Sunday, October 19, 2008


Originally uploaded by rod lewis
Have you ever been sitting in a meeting, or someplace with other people where you’re all supposed to be listening to what’s being said to all of you, and suddenly the person next to you gets a look of sudden thought and leans in toward your ear to share the thought? You had probably forgotten the person was even there, beside you, expected to listen to the same blather as you.
But suddenly, his look, combined with the urgency of the lean toward your ear piques your interest in what he has to say. Most likely, your boredom with what’s being said up front, has also raised your desire to hear the sudden insight. So you meet the lean with a tilt of your head.
You feel breath on your ear and hear the sound of breath behind teeth, but can’t quite make out what is being whispered.

You turn your ear.

You hear a hollow vowel shaped by tongue and palate, but can’t make out the consonants that define the envelope.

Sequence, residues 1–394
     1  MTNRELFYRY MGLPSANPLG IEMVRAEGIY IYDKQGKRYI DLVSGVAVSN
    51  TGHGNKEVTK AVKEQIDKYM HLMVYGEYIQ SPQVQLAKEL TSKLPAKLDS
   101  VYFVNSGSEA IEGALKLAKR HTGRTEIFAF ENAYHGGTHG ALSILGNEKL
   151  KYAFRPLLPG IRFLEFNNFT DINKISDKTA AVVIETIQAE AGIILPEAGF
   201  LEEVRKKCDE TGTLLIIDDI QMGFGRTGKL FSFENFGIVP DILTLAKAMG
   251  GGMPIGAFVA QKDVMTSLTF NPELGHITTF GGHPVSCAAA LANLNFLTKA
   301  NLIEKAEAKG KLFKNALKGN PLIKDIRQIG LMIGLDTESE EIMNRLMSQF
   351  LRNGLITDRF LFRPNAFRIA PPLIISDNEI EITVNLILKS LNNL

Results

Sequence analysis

You temporarily cease breathing,

You make out an attack consonant and a vowel, but the end of the word trails off like a path that suddenly disappears in undergrowth and erosion.

I know this experience well. At times, the whisper comes from the person beside me. At times, it comes from the breeze rustling the trees, and sometimes from my own head or heart.

I feel the urgency, the need to break the blather,
to pierce the din of nonsense and the silence of meaning.

But try as I may, I can’t quite make out the diction.

I heard this imperceptible voice this past weekend below the rim of the canyon. I heard it over the crackle of the campfire, between the howls of the coyotes beneath the moon. I heard it on the wind across the Painted Desert blowing through the cracks in the adobe of the Wupatki ruins.
Three days later, I heard it in the constant rain outside my bedroom window last night as I drifted off to sleep. I’ve ignored the blather to which I was expected to listen, and am diligently trying to hear the whisper.

There’s a quiet in my heart that hears the whisper, but there’s still din enough in my mind that obscures the message.

Shhhh. Rod, be still…